For some reason I used to think that if you were mormon or gay or a feminist or an atheist, you had nothing to teach me. I thought that your worldview was invalid. Anything you had to say about faith or life or God passed through me like water through a sieve.

It gets worse.

I used to think that if you and I didn’t agree on every theological and doctrinal point that there was no space for us in each other’s lives. I didn’t know how to love you and how to know you were wrong at the same time.

It never crossed my mind that I could be wrong.

Maybe this response is because I grew up in a culture where there was this prevalent fear of being invaded by the homosexuals and the abortionists. We talked a big game, but when it actually came to believing that God could love all these sinners, we battened down the hatches and only let in like-minded people.

Maybe it’s because I was taught that it was more important to be right than to love.

Or maybe it’s just a symptom of being a fallen, broken person.

For these things I repent.

I repent of the need to be right.

I confess that I was arrogant and hard-hearted where you were different from me.

I confess that I took my sheltered and limited world-view and tried to make it yours. I confess that I judged you in light of this world-view rather than seeing you as a person with inherent human dignity with your own set of beliefs that are as valid as mine.

I confess that I thought Jesus needed me to defend and protect his honor, when all he asks me to do is to show you how much your God loves you–even in the midst of your pain and brokenness and yes, sin.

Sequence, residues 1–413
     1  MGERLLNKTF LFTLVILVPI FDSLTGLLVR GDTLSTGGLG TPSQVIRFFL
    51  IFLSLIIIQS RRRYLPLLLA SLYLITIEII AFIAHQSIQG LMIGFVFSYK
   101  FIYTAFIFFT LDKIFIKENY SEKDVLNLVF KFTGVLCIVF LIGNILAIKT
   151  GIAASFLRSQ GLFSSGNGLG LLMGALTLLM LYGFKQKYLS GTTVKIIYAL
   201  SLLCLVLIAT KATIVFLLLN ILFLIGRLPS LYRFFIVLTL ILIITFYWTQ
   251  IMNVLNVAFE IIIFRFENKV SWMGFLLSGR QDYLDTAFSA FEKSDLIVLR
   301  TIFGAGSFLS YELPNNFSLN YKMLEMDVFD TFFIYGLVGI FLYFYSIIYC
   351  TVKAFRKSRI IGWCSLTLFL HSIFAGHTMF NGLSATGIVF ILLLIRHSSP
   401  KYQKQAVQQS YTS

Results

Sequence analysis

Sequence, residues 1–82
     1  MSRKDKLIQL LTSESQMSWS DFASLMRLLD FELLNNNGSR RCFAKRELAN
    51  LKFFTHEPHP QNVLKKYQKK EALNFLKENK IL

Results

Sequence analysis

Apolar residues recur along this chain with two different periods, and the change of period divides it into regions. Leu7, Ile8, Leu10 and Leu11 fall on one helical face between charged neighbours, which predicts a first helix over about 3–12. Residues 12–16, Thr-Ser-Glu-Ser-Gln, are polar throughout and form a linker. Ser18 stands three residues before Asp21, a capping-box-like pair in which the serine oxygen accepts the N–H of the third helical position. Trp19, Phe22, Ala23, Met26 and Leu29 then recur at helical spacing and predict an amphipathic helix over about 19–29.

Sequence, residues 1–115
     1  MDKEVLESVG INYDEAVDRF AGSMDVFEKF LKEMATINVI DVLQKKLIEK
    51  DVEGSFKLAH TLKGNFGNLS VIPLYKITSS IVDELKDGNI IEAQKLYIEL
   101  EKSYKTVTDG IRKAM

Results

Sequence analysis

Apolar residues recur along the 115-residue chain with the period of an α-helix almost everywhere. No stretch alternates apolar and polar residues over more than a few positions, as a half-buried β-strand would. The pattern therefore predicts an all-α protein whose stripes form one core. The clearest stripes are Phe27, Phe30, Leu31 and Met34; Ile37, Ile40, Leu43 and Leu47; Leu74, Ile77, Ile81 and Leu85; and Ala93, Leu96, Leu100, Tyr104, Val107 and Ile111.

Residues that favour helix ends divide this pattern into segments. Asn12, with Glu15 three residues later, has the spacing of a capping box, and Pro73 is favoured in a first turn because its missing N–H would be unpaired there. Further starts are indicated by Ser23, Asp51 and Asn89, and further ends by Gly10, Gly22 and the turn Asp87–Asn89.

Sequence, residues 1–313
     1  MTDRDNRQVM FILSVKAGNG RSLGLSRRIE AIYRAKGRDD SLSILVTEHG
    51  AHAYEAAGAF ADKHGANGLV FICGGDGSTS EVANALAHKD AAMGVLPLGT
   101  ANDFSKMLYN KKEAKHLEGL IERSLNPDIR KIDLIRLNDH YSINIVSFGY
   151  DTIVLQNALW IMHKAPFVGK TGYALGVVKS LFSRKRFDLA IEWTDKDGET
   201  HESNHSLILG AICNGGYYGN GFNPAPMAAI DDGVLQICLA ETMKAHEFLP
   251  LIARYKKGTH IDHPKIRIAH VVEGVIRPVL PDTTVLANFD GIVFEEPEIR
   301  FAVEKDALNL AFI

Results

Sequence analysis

Because God is so much bigger than our thoughts and ideas. And as I embrace more than what I was taught, as I open my heart and my mind to give and receive love, what I find is this rich tapestry of faith that stretches back for thousands of years. I find people who are different from me, but so passionate about their love for God and their love for people that I want to know them. And I want to be like them.

I want to practice humility that makes me teachable and willing to set aside what I believe so I can really hear and learn. I want to believe that others experiences and stories are as valid as mine, and as we walk this out together that both of our lives and faiths will be enriched, as we challenge one another to live and believe more of God.

I want to hear your story. I don’t want to just stick with the puritanical upbringing that I have grown up in. I want to work out my salvation with fear and trembling. And I want to know that when I think I am right–I’m probably completely backwards.

I end with the lyrics to Derek Webb’s song I Repent:

I repent, I repent of my pursuit of America’s dream

I repent, I repent of living like I deserve anything

Of my house, my fence, my kids, my wife

In our suburb where we’re safe and white

I am wrong and of these things I repent


I repent, I repent of parading my liberty

I repent, I repent of paying for what I get for free

And for the way I believe that I am living right

By trading sins for others that are easier to hide

I am wrong and of these things I repent


I repent of judging by a law that even I can’t keep

Of wearing righteousness like a disguise

To see through the planks of my own eyes

I repent, I repent of trading truth for false unity

I repent, I repent of confusing peace and idolatry

By caring more of what they think than what I know of what we need

By domesticating you until you look just like me

I am wrong and of these things

I am wrong and of these things

Oh I am wrong and of these things I repent

2 Comments on i repent

  1. Oh I so get this. Especially this part: “Maybe it’s because I was taught that it was more important to be right than to love.” I feel like for most of my life I was concerned with BEING RIGHT more than anything else, thinking as a Christian I mustn’t listen to other people because OH NO I’LL BE DECEIVED BY THE LIES OF THE WORLD, IT’S A SLIPPERY SLOPE. Thank goodness I don’t live with that kind of fear any more. 🙂

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